7. Jose says:

    Why my 5000 avr volt meter is only 200 volt is it normal ?

  8. Jose says:

    What is the use of volt and amp meter in my 5000 meiji avr?

  9. Warlo Jesser Belandres says:

    Hello and good day,

    I am planning to buy a AVR: SVC-2000W for our old CRT TV, Desktop Computer, 17″ Laptop, oven-toaster, and a one-door refridgerator. Would it be okay to plug all of them at once on this model? What’s your suggestion? An explanation would be awesome too. Thanks.

    • John says:

      Hi Warlo,

      Thank you for inquiring with us!

      We need to know the ratings of your appliances so we can recommend appropriate AVR.


  10. shery says:

    Good day! We have 6 computer units. How many watts of AVR is needed? Is 1500 watts servo motor enough? Thank you!

  11. aberato says:

    i have a mini circular saw from the states and it is 120 volts and 5 amps. i was planning to buy a step-down transformer 2000 watts capacity. But i was told that a 2000 watts AVR will do the same. Is it just ok? Thanks for the advice sir.

    • John says:

      Hi Aberato,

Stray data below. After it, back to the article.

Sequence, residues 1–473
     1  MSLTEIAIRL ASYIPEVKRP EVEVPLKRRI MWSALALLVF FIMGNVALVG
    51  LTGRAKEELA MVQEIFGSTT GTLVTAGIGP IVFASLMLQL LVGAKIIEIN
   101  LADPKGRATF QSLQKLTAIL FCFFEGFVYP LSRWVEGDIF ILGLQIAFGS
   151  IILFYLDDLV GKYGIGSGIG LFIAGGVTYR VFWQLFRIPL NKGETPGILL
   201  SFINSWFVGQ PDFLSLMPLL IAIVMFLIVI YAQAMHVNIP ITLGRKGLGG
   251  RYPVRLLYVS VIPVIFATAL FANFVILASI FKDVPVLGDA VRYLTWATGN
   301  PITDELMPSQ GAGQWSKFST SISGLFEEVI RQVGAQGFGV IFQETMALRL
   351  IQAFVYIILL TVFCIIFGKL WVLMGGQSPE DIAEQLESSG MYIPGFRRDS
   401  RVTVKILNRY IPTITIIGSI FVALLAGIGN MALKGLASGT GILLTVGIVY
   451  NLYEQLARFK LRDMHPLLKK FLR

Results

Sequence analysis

Any of two will do. But you need a protection for fluctuations use AVR. Note that our AVR’s are designed for 220V and 110V output. 🙂


  12. Daisy says:

    I have a 1000 W servo AVR and with a mini personal refrigerator plugged in. Is it normal for the AVR to feel warm/hot? Can I use the AVR 24/7 without turning it off? Thanks.

  13. rhoanne says:

    ilang watts po ng AVR ang kelangan po sa 3000Watts na rice cooker po? salamat po

    • John says:

      Our recommendation is triple the rating of appliance for our customer’s safety. So if you have 3000watts rice cooker X 3 = 9000watts AVR.

      Thank you

  14. Daisy says:

    Okay lang ba 24/7 ang AVR 1000watts if personal ref nakasaksak? Normal ba ang mainit sya although hindi pumuputok ang fuse.

  15. Reylin says:

    Pwedi po bang gamitin ang 1000watts na avr sa nutribullet 900 series khit po naka connect yung ref.

    • John says: